1. In the future, any physical intervention to inspect cross-border goods will only affect a small minority of consignments and their selection will be based on risk analysis techniques using all available intelligence including information from legitimate traders.
2. As revenue collection becomes more effective, particularly in developing countries and those in transition, government income will increase enabling them to reduce only rates but maintain yield.
3. Customs is said to have come into being as long ago as commerce, and commercial fraud seems to have come into being as long ago as Customs.
4. If you understated the value of an article you declare you might have to pay a penalty in addition to payment of duty.
5. Ever since its beginning, the Customs Cooperation Council / WCO has fully recognized the need for countries to take adequate measures to combat various forms of smuggling.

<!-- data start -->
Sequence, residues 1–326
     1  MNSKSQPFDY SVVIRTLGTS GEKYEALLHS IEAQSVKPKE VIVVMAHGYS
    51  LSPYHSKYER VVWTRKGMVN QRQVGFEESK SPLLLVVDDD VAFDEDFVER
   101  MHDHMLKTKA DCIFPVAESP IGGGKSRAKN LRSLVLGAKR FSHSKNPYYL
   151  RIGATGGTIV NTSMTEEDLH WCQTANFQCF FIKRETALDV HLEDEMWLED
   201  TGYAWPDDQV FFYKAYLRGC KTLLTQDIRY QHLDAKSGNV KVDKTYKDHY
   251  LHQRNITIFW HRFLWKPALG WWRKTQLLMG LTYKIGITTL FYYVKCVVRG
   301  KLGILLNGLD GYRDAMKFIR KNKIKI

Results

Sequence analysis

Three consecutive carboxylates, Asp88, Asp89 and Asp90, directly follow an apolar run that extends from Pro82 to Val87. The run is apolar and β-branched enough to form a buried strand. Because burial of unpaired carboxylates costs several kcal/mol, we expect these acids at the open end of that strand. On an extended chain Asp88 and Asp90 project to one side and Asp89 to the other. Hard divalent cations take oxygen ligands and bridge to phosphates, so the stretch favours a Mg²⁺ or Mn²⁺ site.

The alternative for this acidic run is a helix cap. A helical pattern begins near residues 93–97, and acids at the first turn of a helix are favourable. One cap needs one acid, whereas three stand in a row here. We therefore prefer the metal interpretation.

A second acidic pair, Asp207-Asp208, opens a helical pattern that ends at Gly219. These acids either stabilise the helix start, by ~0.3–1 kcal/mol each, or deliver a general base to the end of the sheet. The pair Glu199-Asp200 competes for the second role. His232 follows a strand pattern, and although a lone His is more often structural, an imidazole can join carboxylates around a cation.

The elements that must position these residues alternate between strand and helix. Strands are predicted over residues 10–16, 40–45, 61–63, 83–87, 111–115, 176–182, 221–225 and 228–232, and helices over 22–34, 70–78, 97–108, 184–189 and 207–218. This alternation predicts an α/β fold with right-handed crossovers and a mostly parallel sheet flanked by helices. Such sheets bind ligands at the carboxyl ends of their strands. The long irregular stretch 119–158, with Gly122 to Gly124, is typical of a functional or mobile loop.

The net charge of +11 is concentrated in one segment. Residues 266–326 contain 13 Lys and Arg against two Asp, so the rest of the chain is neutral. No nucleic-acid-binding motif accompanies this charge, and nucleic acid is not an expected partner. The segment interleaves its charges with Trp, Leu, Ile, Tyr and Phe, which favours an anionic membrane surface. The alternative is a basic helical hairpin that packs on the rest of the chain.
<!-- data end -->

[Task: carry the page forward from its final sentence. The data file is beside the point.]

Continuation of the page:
6. When the transaction value cannot be determined, then the value of the imported goods being appraised is the transaction value of identical merchandise.
7. It is the importer’s responsibility to ensure that the proper permits, if required, have been obtained in advance of the goods arriving in the country.
8. Imported goods may not legally enter U.S. commerce until the shipment has arrived within the port of entry and Customs has authorized delivery of the merchandise.
9. Arrangements should be made to ensure that the importer or their agent is informed immediately of arrival so that the entry can be filed and delays in obtaining the goods avoided.
10. The importer is responsible for paying storage charges while unclaimed merchandise is held at the warehouse.